COVID-19 has become the ultimate wedding crasher and put a lot of couples in a really stressful position. #RUDE. Wedding planning can be hard enough, let alone doing so during a global pandemic! While there are not direct solutions to the different things that you will have to compromise on to keep your day the way you originally planned, there are still OPTIONS. In order to have your wedding on your original day, you will definitely have to downsize, but that's okay! And if that is not for you, that is okay too - just know that there are options.
'Microweddings' and 'Elopements' are two different labels that you see pop up when you choose to downsize your wedding. What the heck does that mean and what's the difference? Let me help you out!
A micro-wedding is a smaller scale wedding typically hosting around 20 guests or less (which of course if we are still under the current restrictions you would have to limit to 10). Usually, micro-weddings have a quick ceremony and a more relaxed reception, or no reception at all.
Having a smaller guest list allows for more location opportunities that you couldn't typically do (or maybe afford) with a large wedding party.
Choosing vendors/hashing out the details for a smaller style event can be much easier
Provides a more intimate atmosphere for the closest people in your life, and of course for you and your boo thing.
How is this different than an elopement? An elopement is almost always 'up for interpretation' and is done MANY different ways (we'll talk about that below), but a micro-wedding is mainly for couples who still want to build some aspects of a traditional wedding into their day while saving on cost and stress!
An elopement over the years has been referred to when the couple runs away and gets married without any announcement to friends/family but that has changed over time. Now elopements are referred to when a couple wants to get married, but on their own terms - usually in a more minimal, casual way.
"The beauty of an elopement is that there are endless options as to where to hold your ceremony. As a result, elopements can happen in nature, in public parks or buildings, at someone’s residence, or even a family member’s property... As they usually require minimal setup (if any at all), the opportunities for ceremony locations are open as far as you can imagine. Some elopement ceremonies feature the couples’ intimate family or closest friends. But in many cases, an elopement party consists of the couple, the officiant, and the photographer, who often acts as the witness. This doesn’t mean you can’t invite your loved ones, but generally speaking, the guest list is far more casual than what’s expected for a wedding. No seating chart required here!" - Karen Norian, Simply Eloped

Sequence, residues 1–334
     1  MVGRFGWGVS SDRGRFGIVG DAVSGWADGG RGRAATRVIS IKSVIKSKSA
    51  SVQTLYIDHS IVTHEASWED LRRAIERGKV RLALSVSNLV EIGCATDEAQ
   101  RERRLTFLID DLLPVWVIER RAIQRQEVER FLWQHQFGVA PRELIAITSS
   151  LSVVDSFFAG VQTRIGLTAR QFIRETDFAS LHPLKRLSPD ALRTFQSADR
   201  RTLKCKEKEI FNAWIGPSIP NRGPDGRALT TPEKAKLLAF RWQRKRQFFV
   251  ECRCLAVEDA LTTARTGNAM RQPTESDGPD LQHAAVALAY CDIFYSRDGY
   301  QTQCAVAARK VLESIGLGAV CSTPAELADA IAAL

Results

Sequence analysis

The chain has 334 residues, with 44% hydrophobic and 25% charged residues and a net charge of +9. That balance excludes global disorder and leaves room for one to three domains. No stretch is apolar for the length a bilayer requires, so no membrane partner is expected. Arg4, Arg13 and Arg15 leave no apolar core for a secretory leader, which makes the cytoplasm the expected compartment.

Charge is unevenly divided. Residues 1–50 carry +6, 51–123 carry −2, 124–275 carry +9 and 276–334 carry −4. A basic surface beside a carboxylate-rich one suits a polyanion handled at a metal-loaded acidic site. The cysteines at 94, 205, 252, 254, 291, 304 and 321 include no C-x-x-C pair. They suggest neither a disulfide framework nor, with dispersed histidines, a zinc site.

Freedom to run your wedding as you please
You can even get married in your PJ's if you wanted to!
OVERALL it's about you two and your happiness. In the midst of all the craziness there is still love and you have options other than just pushing your wedding further away, because let's be honest, some of us have waited a long time to get to this day. Do what is going to make you happy.
Courthouses are currently still closed, which means that you cannot get a license in person like you would typically do. However, if you have the license in hand from before COVID started, any officiant can complete it and return it to the courthouse by mail. Your license is official as soon as it's signed, the paperwork just will not be processed until the courthouse reopens.
If you do not have your marriage license, know that it has gone from taking only a couple days to now taking a couple weeks to obtain one. The first step you should do is contact your state department's website for marriage licenses to view the current policy.
During this time, just expect to be flexible with all these different procedures, and with your vendors too. Everyone has to do things a little differently right now and the important thing during this pandemic is starting your marriage off safe and healthy!